Are you relatively new to this bustling metropolis? Don't be shy about it, everyone was new to New York once upon a time, except, of course, those battle-hardened residents who've lived here their whole lives and Know It All. One of these lifers works among us at Gothamist—publisher Jake Dobkin grew up in Park Slope and still resides there. He is now fielding questions—ask him anything by sending an email here, but be advised that Dobkin is "not sure you guys will be able to handle my realness." We can keep you anonymous if you prefer; just let us know what neighborhood you live in.
This week's question, which is a long one, comes from a subway rider whose question hits a real chord:
Dear Native New Yorker,
Of all the subway etiquette grievances I encounter, few make me more frustrated than bad stroller etiquette. This is not because I hate all babies (though please don't ask me to hold your human bodily fluids maker), but because I assume that if you have made the conscious choice to raise and nurture a defenseless child, you are probably a reasonable person with kindness and compassion in your heart. Yet, I am constantly faced with parents lugging strollers on the subway in ways that seem to expressly indicate that they do not have one ounce of sympathy for their fellow strap-hangers. Although there are many more, I'd like to focus on two main infractions.
Even in uncrowded subway cars, some parents feel the need to park their stroller right in the entranceway of the doors, thus creating a very narrow lane for others to enter and exit the subway car, sometimes making the exit unusable at all. I've seen several parents actively notice that they are creating a Snorlax-like path blockage and do nothing to correct the problem. I've seen strap-hangers (myself included) get stuck on the train because the doors closed before they could exit due to the stroller offender. This feels like a recipe for danger: frazzled, rushed passengers trying to exit en masse and a tiny human child in a thin canvas-and-metal contraption standing in between them and the exit. Shouldn't parents with strollers move to the middle of the train when possible to avoid this potential hazard, or exit the train temporarily to clear the path? Where is the most considerate place to park a stroller on the subway train?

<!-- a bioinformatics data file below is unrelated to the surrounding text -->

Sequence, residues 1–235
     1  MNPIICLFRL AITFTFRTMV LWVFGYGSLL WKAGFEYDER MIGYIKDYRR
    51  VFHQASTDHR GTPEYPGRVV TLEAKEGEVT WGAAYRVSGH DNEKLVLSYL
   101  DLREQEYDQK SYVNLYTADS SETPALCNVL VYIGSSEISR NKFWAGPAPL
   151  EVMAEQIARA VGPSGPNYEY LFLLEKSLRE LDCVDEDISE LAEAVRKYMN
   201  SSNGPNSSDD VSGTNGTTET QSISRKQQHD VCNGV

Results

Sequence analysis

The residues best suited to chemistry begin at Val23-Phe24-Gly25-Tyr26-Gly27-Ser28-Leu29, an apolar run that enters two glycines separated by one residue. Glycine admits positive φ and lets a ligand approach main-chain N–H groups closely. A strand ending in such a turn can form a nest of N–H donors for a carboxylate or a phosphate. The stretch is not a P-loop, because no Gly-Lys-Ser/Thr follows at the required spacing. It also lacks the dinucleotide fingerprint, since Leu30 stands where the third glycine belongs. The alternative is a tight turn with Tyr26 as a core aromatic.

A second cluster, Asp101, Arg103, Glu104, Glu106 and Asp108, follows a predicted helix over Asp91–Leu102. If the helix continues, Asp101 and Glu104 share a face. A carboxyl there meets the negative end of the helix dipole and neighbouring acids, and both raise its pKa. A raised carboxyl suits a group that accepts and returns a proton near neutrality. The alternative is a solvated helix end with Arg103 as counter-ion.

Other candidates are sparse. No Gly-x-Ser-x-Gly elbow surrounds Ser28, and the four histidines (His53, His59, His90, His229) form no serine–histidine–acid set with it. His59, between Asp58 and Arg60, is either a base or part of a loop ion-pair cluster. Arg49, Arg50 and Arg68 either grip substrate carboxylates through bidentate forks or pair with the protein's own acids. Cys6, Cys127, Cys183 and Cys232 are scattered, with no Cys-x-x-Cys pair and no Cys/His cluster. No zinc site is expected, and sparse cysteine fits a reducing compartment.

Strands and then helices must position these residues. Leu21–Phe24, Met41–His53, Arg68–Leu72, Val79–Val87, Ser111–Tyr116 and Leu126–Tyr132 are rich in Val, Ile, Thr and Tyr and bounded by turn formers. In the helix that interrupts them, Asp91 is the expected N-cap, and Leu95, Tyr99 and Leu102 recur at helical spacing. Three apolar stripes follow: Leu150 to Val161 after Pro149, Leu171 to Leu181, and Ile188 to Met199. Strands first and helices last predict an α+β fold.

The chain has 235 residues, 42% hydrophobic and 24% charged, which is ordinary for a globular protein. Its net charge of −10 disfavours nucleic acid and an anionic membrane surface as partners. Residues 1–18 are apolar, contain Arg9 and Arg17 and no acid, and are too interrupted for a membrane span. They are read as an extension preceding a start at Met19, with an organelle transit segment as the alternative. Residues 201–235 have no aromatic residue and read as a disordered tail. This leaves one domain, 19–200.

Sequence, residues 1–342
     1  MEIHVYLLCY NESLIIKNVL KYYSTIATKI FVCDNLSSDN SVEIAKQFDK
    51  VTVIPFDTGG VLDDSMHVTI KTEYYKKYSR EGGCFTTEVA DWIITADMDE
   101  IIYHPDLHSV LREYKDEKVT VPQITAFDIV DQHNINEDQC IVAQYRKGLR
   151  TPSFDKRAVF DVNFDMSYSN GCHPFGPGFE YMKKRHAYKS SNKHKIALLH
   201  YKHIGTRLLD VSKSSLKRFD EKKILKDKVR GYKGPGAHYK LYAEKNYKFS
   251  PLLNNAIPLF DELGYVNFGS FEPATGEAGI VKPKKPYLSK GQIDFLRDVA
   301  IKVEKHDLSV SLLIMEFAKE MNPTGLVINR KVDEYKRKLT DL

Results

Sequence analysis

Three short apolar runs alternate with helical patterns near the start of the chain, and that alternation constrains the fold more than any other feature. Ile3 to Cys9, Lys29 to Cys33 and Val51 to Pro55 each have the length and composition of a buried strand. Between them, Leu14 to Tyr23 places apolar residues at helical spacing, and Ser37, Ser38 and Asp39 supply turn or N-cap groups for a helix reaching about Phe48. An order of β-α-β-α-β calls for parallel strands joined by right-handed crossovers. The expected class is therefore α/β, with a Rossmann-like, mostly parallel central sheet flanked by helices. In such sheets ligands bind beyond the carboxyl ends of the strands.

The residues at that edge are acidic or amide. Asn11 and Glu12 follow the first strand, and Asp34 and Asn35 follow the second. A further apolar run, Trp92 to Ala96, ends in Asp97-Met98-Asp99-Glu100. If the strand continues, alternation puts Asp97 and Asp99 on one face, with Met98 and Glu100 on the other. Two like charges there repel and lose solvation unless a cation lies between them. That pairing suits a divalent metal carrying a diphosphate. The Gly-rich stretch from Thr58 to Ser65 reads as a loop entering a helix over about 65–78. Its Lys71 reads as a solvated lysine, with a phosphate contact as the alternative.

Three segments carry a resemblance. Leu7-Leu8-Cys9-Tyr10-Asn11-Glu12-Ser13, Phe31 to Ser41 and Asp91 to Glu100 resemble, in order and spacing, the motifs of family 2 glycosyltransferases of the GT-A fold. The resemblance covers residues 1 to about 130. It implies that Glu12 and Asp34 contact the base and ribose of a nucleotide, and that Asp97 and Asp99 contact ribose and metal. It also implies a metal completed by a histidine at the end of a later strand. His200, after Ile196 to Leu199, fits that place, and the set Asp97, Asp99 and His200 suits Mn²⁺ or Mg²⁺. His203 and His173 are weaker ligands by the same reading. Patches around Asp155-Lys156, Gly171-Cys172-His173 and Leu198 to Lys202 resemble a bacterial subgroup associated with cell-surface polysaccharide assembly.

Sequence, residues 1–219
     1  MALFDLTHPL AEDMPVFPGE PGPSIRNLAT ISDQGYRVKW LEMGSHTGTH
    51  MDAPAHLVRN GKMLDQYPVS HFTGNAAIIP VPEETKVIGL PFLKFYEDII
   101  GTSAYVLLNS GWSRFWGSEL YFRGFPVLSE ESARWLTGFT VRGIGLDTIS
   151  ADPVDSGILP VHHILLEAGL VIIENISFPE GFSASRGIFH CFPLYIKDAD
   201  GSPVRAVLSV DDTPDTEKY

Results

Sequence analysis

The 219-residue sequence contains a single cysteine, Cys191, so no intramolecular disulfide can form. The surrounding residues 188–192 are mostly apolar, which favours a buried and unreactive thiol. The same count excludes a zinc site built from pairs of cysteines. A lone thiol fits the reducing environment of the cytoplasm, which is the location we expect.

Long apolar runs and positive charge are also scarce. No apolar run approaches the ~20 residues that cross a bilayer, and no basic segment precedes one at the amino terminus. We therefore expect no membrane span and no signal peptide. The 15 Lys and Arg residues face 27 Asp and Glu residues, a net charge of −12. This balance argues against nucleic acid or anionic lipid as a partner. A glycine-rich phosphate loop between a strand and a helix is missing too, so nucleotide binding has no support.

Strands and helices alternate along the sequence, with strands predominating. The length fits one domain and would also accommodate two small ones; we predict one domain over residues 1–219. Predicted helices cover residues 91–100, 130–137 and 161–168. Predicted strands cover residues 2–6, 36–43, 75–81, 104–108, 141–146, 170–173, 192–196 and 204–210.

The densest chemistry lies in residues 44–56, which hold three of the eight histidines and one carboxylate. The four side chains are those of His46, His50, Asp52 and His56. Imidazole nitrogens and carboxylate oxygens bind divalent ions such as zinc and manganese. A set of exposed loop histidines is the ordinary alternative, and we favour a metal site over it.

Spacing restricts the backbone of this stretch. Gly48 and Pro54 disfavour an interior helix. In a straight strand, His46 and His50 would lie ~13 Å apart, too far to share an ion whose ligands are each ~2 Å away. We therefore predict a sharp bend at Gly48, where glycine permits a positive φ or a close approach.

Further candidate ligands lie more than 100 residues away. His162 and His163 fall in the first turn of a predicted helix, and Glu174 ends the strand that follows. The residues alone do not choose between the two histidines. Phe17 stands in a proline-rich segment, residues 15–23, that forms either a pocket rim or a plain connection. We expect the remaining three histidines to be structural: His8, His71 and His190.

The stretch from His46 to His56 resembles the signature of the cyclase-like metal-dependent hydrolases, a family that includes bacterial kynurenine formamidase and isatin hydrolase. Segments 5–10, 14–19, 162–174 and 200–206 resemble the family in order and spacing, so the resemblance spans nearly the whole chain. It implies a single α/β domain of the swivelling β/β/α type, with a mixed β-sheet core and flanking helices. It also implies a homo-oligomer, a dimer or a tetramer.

In addition, a stroller takes up SO MUCH more room than the (average) human person does. If you've got two huge, BMW-styled strollers on a crowded train, they are taking up the room of approximately 4-8 people. On some level, isn't it an act of selfishness for a parent to bring a giant stroller onto the train during rush hour, thus ensuing that several less people can ride on that train? Why can't more parents fold up their stroller and hold their child during the train ride? I understand that folding up a stroller is inconvenient, but doesn't that inconvenience pale in comparison to the 2-4 people who cannot get on the train at all due to the amount of space that the stroller is taking up? We ask that people hold large bags and backpacks in their laps or between their legs to create more room for other riders. Why don't we ask for the same courtesy from those pushing strollers?
I know this is a hot-button issue, and I certainly don't want to demonize or shame parents in this city with small children. I realize that being a parent in New York City is a difficult thing, and I sympathize with the struggles they face. But more and more frequently, I have been seeing stroller-pushing parents use their parental status as a license to be an asshole to other subway riders. So please, Native New Yorker, settle this once and for all. What is proper subway stroller etiquette?
The Native New Yorker decided to throw this question to Gothamist co-founder Jen Chung, who is not a Native New Yorker, but is currently raising one. Jen has strong feelings about whether children deserve seats on buses.
I understand your pain—and appreciate your willingness to assume that breeders have some compassion. Let me give you this insight: It's no fun dragging a kid and a stupid stroller through the subway system. If anything, it's like one of the rings of hell for parents, sort of like sleep training (don't ask), but involves trampling on countless others' will to live. Honestly, if there was a better and still inexpensive way to transport a kid from place to place in NYC than the subway, we'd do it.